Rode a bike when we only had one car and Hubs worked out of town

babysat for others when I was pregnant and too sick too work outside my home

took in foreign college students for a stipend

took in renters for unused bedrooms after girls left home.

upholstered many, many pieces of old furniture for my home.

refinished furniture for my home bought at second hand stores or given to me.

made my own sausage and hard salami with venison

made curtains and quilts for our house. OR remade things I bought second hand.

Taught piano lessons

Made many beautiful home made gifts for presents.

Made all my daughter's doll clothes when they were little

Make my own wreaths at Christmas

Sewed almost all my husbands outdoor/waterproof work gear, cruising vests, rain gear while he was working.

Patched many pairs of work pants over and over again, and turned the collars on work shirts for Hubs.

Hubs and I cleaned a government building 5 nights a week for over 20 years while the girls were in college.  2 hours every night.

Did sewing and mending for people in exchange for the use of their sewing machine.  Did not own my own machine until we had been married 12 years.

Borrowed a vacuum for the first 12  years we were married, just swept up the carpet and then borrowed.

NOW I need to make a list of all the stupid things I did with money over the years.  It will be much longer than this list.

What are some things you have done to save money over the years?  Anything strange or unusual?  Have you used any of your skills to save money or to exchange for services? 

Have a great and productive day staying positive awhile you are in the negative.



  1. What a list!
    When we were at our very lowest income, I made all our bath soap and laundry soap from recycled hamburger and bacon fat and lye- it wasn’t nice homemade home but it worked.
    Back then, we never turned on our AC no matter how hot it got in OK and we heated with wood all winter.
    When we had 2 kids in college, I worked at 2 different fraternity houses as the cook- those jobs were never boring but I sure don’t want to do it again.

    1. Even tough we live in an arrid desert we never ran the air either becasue the water bill was so high. I finally live in a house with air and I am so happy. I have never made soap.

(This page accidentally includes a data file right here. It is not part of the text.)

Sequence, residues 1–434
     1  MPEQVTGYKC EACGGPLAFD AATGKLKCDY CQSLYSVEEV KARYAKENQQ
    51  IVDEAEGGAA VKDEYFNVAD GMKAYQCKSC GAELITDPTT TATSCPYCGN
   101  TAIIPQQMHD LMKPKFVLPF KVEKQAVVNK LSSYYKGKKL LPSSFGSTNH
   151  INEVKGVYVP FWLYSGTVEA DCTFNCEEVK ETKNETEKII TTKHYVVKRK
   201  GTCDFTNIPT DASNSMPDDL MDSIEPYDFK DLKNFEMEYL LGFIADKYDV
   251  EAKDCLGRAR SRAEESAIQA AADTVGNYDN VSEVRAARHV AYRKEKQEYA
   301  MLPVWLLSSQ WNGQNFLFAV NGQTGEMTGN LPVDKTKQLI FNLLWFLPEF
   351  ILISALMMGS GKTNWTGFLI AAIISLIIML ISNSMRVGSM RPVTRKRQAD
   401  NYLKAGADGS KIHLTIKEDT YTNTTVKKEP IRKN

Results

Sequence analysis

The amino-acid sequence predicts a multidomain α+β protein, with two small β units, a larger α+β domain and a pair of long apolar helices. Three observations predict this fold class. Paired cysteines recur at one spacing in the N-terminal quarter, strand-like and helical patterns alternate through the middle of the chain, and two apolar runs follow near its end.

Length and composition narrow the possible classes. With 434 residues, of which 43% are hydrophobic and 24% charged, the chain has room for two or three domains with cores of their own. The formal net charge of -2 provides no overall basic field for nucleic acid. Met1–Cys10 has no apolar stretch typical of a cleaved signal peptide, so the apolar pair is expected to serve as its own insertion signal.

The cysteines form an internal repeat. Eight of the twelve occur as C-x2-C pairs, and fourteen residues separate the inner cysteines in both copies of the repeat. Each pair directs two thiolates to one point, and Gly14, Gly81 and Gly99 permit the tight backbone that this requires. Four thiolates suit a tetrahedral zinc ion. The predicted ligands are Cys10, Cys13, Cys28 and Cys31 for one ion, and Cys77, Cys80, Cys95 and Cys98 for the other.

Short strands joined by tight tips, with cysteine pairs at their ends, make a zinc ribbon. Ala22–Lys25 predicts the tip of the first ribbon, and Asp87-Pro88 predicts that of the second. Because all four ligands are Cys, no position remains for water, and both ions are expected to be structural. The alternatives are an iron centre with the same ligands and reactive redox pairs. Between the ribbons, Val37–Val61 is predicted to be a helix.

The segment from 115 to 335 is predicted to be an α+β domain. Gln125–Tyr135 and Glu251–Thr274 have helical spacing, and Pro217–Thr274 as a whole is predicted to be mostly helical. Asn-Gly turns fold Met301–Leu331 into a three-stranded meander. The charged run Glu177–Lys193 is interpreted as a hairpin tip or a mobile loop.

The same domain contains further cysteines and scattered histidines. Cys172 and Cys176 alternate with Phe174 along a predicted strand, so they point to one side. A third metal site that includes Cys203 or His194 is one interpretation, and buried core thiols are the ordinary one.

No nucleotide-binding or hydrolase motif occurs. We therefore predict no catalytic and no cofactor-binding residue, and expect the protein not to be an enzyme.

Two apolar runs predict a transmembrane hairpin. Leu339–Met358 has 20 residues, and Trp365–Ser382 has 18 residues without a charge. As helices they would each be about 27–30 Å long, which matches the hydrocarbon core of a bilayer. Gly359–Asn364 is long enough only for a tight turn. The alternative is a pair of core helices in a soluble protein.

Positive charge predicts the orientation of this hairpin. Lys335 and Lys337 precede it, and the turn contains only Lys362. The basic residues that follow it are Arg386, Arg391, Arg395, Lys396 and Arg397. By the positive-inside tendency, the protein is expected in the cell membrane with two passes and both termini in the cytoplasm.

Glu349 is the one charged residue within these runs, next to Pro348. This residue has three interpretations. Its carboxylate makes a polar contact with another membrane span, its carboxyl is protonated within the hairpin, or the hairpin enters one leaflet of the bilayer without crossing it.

2. Great list!! Way to barter over the years.

  3. Nothing in the list is silly as it got you your dreams. I've always worked outside the home but I don't have skills to be as ingenious as you. I save plastic bags for dog walking and bathroom garbage, and a few other frugal actions but your list is a wow. Your sister buying your clothes and kids braces was/is her choice, so a bit different from others, but I'm sure you do and did for her in other ways. That's family!

    1. My twin sister was a god send to me. She did not have children and she was and is so good to mine. I will never be able to repay her. But my kids know that they will be responsible for not only her care but mine when we get old. Oh fun!

  4. Kim, this is a great list and I am in awe of all that you've done to save money. You are an inspiration. I know this is how you paid off your house so quickly.

    I really like the idea of spray painted shoes to match formal dresses. I didn't know you could do that. My uncle Paul used rubber bands during the Great Depression to hold the tops of his shoes to the sole because they were so worn out. It is amazing wha you can do when you put your mind to it.

    1. Yes it is , we all do what we must to survive and thrive.

  5. What an amazing list! So inspiring!
    Thankful that my hubby is handy, as he has saved us a fortune by fixing things. He has kept appliances working. He finished our basement into a family room, which has expanded our living space and increased our home value. He has put in new flooring, hardwood and tile which has saved us labor costs. He has kept our cars maintained and made many many car repairs since we buy used cars. I'm mostly the helper assistant, as I have no mechanical skills. :)

    1. You are so blessed. My husband is a nightmare when it comes to fixing things. But he does play the violin well.

  6. Super impressive list. I'm not skilled in most of those ways at all. I'd say that I pushed myself to learn new skills at work, taking lots of free classes, slowly growing my income. Once I'd invested a few years in a skill set, I'd apply for another job (same company). I found out my company would contribute some to an MBA, so I saved & saved & cash flowed my MBA while still working. Got another job that paid more. And, kept doing that, by investing in work skills. So, a different lens, but worked well for me.